DoJ’s attorney discipline scheme — a scheme applicable only to the alien’s lawyer — denies aliens the right to effective assistance of counsel and fair trial.The only possible way the Justice Department’s misrepresentations will be corrected is for the Government Accountability Office (GAO) to audit America’s immigration courts.An Article I court — a court created through Congress’s constitutional authority over immigration — is the surest solution for those fleeing persecution, while balancing America’s fundamental interest in secure borders and an effective immigration system.
The analysis of the problem is good, but the solutions are worse than useless, they will be counterproductive and result in more illegal aliens remaining in the U.S.
Let us look at the proposal that creating an Article III court for immigration will result in improvements in the arrest of alien absconders. Metcalf assumes that if a judge orders an arrest, then it is done lickity split or that absconders from court orders in Article III courts are immediately tracked down by the U.S. Marshal's Service (USMS). Nothing, however, is farther from the truth. It may appear correct if one is a viewer of the reality TV program, Manhunters, but that is not reality. In the show, Deputy U.S. Marshals (DUSM) from the New York/New Jersey Fugitive Task Force fly all over the country chasing mostly petty and mid-level criminals who have fled local prosecution or State parole or probation. Almost none of the arrestees are Federal fugitives or those with outstanding Federal arrest warrants. First of all, without a reality TV show producer to pay their travel expenses, DUSMs, much less local law enforcement officers detailed to the Task Force, almost never travel. When they have a hot lead on a suspect, then send that lead to the office having jursidiction over where the lead points to.
Next, and closely related, the USMS has a budget, just like U.S. Immigration and Customs Enforcement (ICE). And they have budget restrictions that limit their ability to spend time in the field making arrests. The courts also have limited budgets that restrict their ability to process arrestees.
Just tranfering the search and arrest of alien absconders from ICE to a new court will solve nothing.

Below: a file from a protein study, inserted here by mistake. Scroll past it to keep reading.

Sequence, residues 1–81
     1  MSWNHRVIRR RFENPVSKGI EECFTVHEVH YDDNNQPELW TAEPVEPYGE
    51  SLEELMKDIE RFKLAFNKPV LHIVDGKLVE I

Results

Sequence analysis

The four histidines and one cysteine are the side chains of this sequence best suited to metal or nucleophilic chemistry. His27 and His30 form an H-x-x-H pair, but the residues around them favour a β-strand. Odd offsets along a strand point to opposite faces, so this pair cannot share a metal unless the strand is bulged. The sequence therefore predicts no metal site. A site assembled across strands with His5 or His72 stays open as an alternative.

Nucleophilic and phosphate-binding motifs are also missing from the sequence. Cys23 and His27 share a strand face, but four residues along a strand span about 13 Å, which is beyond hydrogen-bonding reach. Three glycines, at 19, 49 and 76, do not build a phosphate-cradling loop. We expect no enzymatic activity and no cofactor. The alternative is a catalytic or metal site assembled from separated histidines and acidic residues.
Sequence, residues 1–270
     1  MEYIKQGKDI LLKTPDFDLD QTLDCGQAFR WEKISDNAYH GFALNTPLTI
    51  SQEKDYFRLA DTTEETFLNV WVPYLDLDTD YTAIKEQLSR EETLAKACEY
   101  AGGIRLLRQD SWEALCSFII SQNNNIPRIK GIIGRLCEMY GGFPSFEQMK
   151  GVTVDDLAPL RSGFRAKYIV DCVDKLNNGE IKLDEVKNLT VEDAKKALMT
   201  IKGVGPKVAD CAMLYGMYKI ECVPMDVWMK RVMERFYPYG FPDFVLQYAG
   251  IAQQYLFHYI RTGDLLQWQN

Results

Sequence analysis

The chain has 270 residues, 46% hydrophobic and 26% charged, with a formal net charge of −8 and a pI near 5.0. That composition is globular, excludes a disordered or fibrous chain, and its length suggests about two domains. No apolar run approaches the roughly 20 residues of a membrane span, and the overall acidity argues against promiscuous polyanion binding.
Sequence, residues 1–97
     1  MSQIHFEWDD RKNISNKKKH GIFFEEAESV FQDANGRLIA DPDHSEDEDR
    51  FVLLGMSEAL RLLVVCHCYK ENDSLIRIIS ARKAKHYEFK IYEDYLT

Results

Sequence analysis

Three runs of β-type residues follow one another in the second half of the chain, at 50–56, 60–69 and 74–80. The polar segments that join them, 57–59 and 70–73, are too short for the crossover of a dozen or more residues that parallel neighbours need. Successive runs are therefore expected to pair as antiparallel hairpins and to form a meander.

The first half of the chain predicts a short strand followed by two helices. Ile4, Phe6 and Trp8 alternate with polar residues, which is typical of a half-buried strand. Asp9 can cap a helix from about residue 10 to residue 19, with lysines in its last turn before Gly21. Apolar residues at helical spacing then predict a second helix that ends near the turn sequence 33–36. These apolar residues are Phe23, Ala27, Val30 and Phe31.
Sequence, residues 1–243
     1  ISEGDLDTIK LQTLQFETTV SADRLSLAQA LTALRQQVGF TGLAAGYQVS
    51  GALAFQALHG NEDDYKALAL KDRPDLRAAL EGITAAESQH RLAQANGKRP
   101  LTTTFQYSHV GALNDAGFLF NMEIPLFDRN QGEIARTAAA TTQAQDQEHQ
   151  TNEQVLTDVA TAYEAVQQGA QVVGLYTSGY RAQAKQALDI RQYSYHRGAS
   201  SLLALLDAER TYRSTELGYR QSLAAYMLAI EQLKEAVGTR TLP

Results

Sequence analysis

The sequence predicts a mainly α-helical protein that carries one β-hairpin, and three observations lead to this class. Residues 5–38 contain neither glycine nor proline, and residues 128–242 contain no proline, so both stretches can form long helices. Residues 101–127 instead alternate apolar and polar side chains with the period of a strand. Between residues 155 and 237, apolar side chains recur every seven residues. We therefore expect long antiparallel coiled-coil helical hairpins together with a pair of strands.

The real problem is that the Obama Regime has decided the transfer the ICE budget from arresting and removing illegal aliens in general to a specifically targeted and limited cohort of aliens, those with criminal arrests or criminal convictions. In some ways this is good, as criminal aliens have a worse impact on the community and nation, and they are an easier target, as they are already in custody, and, as criminals, they have fewer options to remain, though they can continue to clog up the current EOIR system. And they could do the same in any Article III court.
The real solution if legislative one is demanded is the expansion of Expedited Removal, the even more administrative and Executive branch process where aliens are removed without any review outside of ICE. Another solution would to be to remove avenues of relief for deportable aliens. Now aliens can claim a variety of reasons to not be deported, from asylum to protection under the Convention Against Torture, to impact on a dependant U.S. citizen or Legal Permanent Resident.
Generally, unless an alien is arriving from a country with a public record of persecution based on democratic political opinion (e.g. a political belief system based on rights reflected in the Bill of Rights as envisioned by the legislation that established asylum and refugee status), there is no need to have any review of immigration law decisions by DHS unless the alien is claiming to be a U.S. citizen. Otherwise immediate removal of the alien is in the best interests of the United States and the rule of law. The EOIR has extended its reach to areas it has no expertise nor lawful authority to review, such as how an alien came to the attention of an immigration officer. An Article III court will have even less reason to limit itself to the law as written and will become inevitably a mini-Warren Court, seeking and creating new rights and privilidges for illegal aliens. The best manner to determine the removeablity of aliens is at the lowest level, at the point of application for admission or at the time of arrest in the U.S. Delaying removal for a review by another Executive branch quasi-judicial officer or for a real court is neither efficient or accurate. It does not give the alien the ability to find true and accurate information that is supportive of their claim, but gives the alien the ability to thwart the review and removal process by political lobbying, appeals to emotion, outright fraud, or fleeing the jurisdiction of the court. A court that is further away from the facts and more restricted than a well organized and led Executive branch agency.
One can really tell the purpose of this study was aiding aliens from one particular sentence:
Aliens face the real prospect of not receiving a fair trial. DoJ’s attorney discipline scheme — a scheme applicable only to the alien’s lawyer — denies aliens the right to effective assistance of counsel and fair trial.
In fact, it is the United States that does not receive a fair trial in current administrative hearing, they are weighted in favor of the alien. Most Hearing Officers at the EOIR are credulous political hacks or former members of the immigration bar and are predisposed against DHS and in favor of the alien. Aliens routinely continue appeals in hoping that the government will tire or suffer from political influence in the alien's favor. Aliens are also able to present fiction and opinion as facts before the EOIR, and no effort is made the the EOIR to prevent fraud in hearings. The fact that aliens make such extensive use of the EOIR is proof enough that they think it is a good shot. And the statistics support that view:
U.S. immigration courts rule in favor of aliens 60 percent of the time. DoJ suggests aliens win 20 percent of the time.
A 60% victory rate for aliens is proof enough. It also shows that immigration law is unnecessarily complicated and subject to varying interpretation.
The only real question is why has CIS supported this crazed inaccurate report?